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Problems – Algae and Mosquitoes - Constructing and Caring for Container Water Gardens - Successful Container Gardens - University of Illinois Extension

Constructing and Caring for Container Water Gardens

Problems - Algae and Mosquitoes

Algae

Algae are weeds in the water garden container. They can be controlled through natural means and through chemicals. Algae need water, sunlight, and nutrients to grow. We can't take away the water, but we can limit the sunlight and nutrient levels. Shade can be created by locating the pot where it doesn't get too much sun and by planting lots of plants in the water garden. Excessive nutrient levels in small containers tend to come from the fertilizer tablets placed in the soil of the plant pots. Make sure such tablets are completely covered with soil.

Underwater plants and floating plants get their nutrients directly from the water and compete directly with algae for nutrients. Floating plants shade the water, too. Potted plants get the majority of their nutrients from the soil in the pots and only compete for sunlight.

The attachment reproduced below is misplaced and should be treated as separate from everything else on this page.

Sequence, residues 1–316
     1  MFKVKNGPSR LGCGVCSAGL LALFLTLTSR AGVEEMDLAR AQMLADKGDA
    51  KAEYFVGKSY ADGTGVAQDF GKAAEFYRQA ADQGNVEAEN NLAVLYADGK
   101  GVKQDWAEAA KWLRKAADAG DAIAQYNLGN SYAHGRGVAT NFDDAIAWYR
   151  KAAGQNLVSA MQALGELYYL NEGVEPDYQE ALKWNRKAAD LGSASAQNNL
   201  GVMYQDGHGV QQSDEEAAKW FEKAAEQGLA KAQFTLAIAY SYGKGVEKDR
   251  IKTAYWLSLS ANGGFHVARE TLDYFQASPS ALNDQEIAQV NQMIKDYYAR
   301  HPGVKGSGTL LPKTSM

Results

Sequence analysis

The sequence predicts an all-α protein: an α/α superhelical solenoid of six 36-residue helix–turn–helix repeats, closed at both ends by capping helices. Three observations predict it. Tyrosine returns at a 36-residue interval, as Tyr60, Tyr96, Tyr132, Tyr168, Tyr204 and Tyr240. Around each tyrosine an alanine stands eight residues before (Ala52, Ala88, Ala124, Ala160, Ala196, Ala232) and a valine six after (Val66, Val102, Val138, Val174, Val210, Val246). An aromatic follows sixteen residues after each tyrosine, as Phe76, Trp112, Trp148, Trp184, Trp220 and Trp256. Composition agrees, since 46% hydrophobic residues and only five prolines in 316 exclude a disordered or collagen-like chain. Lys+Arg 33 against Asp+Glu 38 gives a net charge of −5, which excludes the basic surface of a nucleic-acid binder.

There are a few algicides that are safe for other aquatic plants, fish, and the other organisms found in backyard ponds and water garden containers. Algaefix from Aquarium Pharmaceuticals was the first of these products and can be used in aquariums as well.

Mosquitoes

Mosquitoes only become a problem in water garden containers that are not maintained. If small aquarium fish or goldfish are in the container, they will eat any mosquito larvae. A natural product called Mosquito Dunks contains the bacteria Bacillus thuringiensis subspecies israelensis. It can be purchased inexpensively to completely eliminate mosquito larvae in all landscape situations that can hold water. The product can be placed in gutters, rain barrels, swimming pools, birdbaths, animal watering troughs, and anywhere else water accumulates. This product is effective, long lasting, and safe for people, pets, and fish.

Attempting to overflow the water garden container to get rid of mosquito larvae can be partially effective. Some larvae escape by swimming to the bottom of the container when the water starts to flow. Flooding the container trying to get rid of every last larvae can waste a lot of water.

Adding a small amount of vegetable oil on the water surface can temporarily prevent the larvae from surviving. It can be unsightly to see an oily surface and it coats plants and pots. It doesn't work if there are fish or fountains in the container.

Water garden containers can be filled with gravel after the plants and water have been added. The water will not be visible or available to mosquitoes.

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